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Without Historical Intent or the Ambition of Exhausting Reality

I read that ludicrous line, “without historical intent…” on a museum explanatory sheet today, about a curator.  It’s not that I don’t care about modern art, it’s that I don’t care…  Plus, look at that turbine above.  That’s some historical intent and totally exhausting reality.

OK.  Be positive!  It was a spectacular day, best day of the vacation.  About 22 degrees, sunny, no humidity, light breeze off the ocean.  Mid-November, mainland Europe, no complaints. After breakfast we took the tram west along the Tagus to the Belem neighbourhood (again) for some cultural sights.

40 minutes wait for a 30 minute visit at the monastery–but check out the ceiling at the entrance, whoosh…

First stop, the Jeronimos Monastery, which dates to the early 1500s and was erected near where Vasco de Gama set off on his explorations.  The line-up to get in was enormous—but, hardy tourists, acclimatized to “the queue” we persevered.  Inside, you see the cloisters, some antechambers, but you don’t see the whole edifice (which took 100 years to build).  Still, it echoes its cousins in Seville and Granada in both grandeur and austerity.  Built with money the king obtained from taxing sea traders it is evident that, visually, no expense was spared.  UNESCO heritage site, check.

Afterwards we walked east along the water to the Museum of Art, Architecture and Technology, or MAAT.  This was housed in two buildings, the first a retired power plant, large, brick, utilitarian, the second a new build museum by architect Amanda Levete (Welsh!), modern and lithe (if you can say that about a building) and between the two a garden.

Electricity distribution network systems. More interesting than half the modern art we scoped out…

We started with the technology.  I was expecting something diverse and immersive, a la Science World in Toronto.  Instead, it was weirdly static, with actual turbines and coal fires and electrical “synoptic tables of distribution dispatch” networks.  Seriously.  There was a hallway of models of dam sites.  Literally, dam sites in Portugal.  But, at the same time, as strange and alienating as it was, there was also a mechanical draw, to the engineering skill and finesse and the aptitude to dream big and construct big.  Big pipes impress!  And so beautiful to look at.

First electric vehicle owned in Portugal: The Enfield 800 from 1975. Made by Enfield Automotive in London (between 1973 and 1976). Could go 64 km/h, could drive a distance over 40 km (maybe 90 km if it was all downhill!), and seated two. Colour was so, so 1970s.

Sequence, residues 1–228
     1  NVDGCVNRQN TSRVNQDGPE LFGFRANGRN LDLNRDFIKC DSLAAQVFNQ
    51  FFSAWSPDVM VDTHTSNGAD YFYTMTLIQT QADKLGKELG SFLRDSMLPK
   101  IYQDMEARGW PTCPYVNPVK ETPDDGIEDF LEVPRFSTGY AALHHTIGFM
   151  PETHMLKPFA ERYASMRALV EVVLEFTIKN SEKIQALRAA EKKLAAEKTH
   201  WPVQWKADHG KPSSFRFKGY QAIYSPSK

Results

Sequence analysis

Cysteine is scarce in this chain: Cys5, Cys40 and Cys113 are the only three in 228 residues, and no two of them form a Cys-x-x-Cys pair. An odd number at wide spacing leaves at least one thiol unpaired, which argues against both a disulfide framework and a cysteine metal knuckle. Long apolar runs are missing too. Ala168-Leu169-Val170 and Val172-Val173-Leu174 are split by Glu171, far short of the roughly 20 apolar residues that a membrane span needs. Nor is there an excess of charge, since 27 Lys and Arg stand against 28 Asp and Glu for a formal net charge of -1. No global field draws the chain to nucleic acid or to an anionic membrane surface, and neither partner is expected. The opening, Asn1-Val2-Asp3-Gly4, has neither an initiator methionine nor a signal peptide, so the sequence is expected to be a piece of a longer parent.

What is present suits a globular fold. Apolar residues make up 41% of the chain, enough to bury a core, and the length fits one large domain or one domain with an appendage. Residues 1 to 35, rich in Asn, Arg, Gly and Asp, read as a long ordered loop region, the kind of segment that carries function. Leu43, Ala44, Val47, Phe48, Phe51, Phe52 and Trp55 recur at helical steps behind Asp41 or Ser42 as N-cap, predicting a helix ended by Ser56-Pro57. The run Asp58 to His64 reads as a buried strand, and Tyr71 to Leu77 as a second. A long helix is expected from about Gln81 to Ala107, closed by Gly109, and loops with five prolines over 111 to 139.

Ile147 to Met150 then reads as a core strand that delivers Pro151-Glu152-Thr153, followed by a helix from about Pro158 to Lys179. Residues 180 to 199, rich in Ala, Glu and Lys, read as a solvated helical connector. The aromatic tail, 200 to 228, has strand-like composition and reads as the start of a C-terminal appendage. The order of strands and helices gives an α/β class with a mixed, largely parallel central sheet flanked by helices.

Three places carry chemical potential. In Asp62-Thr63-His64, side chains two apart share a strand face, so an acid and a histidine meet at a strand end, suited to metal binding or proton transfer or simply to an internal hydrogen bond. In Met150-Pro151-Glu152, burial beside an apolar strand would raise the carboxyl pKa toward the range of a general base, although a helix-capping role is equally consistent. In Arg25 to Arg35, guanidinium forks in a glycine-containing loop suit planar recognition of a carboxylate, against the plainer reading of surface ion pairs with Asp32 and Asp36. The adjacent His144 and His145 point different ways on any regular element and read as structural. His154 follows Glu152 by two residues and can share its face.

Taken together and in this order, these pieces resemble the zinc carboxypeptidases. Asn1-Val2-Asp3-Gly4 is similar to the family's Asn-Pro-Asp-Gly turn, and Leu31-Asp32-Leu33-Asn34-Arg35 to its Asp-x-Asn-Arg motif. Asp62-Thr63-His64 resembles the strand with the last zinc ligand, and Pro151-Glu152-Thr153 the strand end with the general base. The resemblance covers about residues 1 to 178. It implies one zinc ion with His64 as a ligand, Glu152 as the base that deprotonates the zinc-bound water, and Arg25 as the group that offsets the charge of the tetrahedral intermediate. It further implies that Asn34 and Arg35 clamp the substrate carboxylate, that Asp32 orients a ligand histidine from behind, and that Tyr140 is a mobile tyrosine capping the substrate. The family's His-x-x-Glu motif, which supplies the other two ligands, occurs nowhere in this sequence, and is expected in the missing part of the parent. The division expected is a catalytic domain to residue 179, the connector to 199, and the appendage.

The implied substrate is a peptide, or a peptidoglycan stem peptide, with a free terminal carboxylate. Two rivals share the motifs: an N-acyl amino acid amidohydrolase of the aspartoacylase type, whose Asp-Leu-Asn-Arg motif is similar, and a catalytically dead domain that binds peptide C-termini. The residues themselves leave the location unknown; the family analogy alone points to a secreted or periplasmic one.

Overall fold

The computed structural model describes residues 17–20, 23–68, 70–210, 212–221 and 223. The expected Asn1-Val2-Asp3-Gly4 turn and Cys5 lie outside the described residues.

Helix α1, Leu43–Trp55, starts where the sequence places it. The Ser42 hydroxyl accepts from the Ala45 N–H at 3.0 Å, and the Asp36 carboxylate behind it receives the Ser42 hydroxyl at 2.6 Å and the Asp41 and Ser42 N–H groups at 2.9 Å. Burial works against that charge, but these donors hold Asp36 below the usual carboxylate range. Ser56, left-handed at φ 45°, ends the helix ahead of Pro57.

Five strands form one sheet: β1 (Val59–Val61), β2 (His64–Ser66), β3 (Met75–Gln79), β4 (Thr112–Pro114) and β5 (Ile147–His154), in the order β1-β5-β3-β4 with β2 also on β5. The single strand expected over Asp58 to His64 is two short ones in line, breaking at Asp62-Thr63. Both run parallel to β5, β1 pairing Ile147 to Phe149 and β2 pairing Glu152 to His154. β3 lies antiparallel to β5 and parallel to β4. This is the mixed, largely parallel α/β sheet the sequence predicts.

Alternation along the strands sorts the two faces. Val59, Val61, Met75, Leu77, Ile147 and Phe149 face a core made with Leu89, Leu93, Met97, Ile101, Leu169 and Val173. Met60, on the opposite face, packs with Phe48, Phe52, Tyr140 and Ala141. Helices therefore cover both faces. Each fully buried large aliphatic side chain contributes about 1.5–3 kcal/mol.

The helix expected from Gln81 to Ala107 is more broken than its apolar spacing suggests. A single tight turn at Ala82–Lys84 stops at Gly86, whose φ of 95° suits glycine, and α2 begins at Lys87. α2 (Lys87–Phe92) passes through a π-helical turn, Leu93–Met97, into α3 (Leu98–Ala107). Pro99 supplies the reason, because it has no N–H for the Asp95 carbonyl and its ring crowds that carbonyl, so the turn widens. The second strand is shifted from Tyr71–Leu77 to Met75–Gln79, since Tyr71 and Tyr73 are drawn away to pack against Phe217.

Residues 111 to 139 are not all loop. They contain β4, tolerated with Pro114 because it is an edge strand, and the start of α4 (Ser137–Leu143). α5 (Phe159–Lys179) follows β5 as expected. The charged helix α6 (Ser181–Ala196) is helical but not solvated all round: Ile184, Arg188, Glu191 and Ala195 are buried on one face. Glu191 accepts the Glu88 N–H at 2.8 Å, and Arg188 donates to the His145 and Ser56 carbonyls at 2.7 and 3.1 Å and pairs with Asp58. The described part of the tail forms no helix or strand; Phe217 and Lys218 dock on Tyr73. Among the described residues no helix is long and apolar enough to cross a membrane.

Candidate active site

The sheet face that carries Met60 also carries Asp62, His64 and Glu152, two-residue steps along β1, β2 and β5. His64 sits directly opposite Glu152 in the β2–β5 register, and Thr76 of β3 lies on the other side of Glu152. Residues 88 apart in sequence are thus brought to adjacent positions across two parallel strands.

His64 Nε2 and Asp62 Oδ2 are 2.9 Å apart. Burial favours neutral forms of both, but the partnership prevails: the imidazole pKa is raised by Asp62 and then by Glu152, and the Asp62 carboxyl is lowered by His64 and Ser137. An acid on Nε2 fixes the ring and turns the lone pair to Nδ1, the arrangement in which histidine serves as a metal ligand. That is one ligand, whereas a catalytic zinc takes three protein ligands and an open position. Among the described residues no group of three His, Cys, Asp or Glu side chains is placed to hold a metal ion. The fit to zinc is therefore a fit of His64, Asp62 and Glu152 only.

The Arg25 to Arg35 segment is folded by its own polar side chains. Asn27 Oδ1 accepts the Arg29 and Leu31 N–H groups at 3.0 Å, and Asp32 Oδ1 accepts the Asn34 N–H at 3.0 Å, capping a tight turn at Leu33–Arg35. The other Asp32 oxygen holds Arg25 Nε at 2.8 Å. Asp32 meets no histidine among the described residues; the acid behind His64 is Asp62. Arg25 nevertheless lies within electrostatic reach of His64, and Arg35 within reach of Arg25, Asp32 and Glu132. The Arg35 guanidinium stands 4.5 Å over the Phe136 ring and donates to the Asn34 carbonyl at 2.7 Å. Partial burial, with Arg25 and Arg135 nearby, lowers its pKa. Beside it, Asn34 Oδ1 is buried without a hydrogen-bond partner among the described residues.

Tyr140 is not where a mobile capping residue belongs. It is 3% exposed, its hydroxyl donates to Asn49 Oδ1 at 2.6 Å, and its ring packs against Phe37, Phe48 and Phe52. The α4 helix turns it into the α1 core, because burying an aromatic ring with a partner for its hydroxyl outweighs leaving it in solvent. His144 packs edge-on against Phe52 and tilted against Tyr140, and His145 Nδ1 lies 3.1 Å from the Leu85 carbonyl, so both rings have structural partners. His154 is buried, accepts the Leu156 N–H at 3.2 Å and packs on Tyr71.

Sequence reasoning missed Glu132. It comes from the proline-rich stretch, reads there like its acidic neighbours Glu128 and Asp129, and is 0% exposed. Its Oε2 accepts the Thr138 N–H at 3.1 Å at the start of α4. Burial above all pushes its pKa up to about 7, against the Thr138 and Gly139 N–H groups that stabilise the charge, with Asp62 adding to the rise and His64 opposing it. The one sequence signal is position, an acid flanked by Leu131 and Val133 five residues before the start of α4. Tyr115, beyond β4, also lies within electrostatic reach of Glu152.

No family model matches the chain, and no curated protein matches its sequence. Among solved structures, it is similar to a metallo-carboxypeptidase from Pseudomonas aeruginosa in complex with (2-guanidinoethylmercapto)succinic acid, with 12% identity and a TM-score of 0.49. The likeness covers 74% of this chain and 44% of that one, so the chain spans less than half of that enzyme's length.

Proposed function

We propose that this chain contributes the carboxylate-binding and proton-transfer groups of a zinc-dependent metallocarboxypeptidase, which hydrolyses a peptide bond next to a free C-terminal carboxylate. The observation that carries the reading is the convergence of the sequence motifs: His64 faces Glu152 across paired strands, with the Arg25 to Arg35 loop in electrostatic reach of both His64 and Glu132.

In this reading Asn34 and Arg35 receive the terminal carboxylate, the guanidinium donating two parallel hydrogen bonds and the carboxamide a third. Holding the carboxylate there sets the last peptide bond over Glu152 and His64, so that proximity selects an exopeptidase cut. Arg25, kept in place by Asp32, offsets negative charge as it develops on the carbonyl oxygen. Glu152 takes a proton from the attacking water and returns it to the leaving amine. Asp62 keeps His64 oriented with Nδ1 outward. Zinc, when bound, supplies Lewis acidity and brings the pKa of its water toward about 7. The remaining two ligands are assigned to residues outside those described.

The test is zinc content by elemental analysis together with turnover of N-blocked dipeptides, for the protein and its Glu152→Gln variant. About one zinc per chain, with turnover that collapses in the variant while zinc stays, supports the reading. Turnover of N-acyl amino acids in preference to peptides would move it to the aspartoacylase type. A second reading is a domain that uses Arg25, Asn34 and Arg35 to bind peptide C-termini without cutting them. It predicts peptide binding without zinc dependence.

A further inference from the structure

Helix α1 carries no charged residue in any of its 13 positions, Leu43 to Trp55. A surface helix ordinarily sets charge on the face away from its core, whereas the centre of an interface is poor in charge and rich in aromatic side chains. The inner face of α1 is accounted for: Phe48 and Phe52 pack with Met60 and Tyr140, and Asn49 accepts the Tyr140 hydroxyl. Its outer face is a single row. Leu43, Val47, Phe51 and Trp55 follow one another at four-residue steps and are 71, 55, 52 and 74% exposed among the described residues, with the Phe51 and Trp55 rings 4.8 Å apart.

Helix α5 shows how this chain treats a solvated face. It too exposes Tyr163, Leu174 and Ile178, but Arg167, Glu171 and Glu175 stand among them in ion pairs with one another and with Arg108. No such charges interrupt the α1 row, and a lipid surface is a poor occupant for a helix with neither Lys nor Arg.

So that was the T of MAAT.  Next, we headed off to the A for art museum.  The “A” museum towers over the harbour in a slender and extremely sleek façade.  Inside, there were huge installations of (perhaps questionable) modern art.  The largest, Plug-in by Joana Vasconcelos was quirky and weird and appealing.  The second, a surrealist nightmare, was dull and stuffy, and historically exhausting (!) and got no pics on the blog. 

Literally kitted out for a drag race. Don’t think Ferdinand Porsche ever imagined this…
Car. With guns on the outside…
…and stuffed toys on the inside.
Don’t think William Morris ever imagined this.
Padded room. With car lights on the exterior. Repeat: Padded room. With car lights on the exterior.
Giant installation in the “Plug-in” exhibit. It’s hang dry only.

The A for architecture is the building itself (we had initially anticipated actual architecture in an actual museum).

Exterior of the MAAT with public spaces. In the distance the 25 Abril Bridge (originally named the Salazar, but renamed after the “carnation revolution” which overthrew a half century of authoritarian rule). Although the steel work was done by the same company which worked on the Golden Gate, the designers were different; Steinman, Boynton, Gronquist, noted for a bridge in NYC and the Carquinez bridge in San Francisco. Also in view, the Christ the King Monument, from 1959N

From there we walked about 40 minutes along the ocean to a nearby train station then took the train east and subway north to one of the metropolitan museums, the City of Lisbon, which focuses on the history and development of Lisbon proper.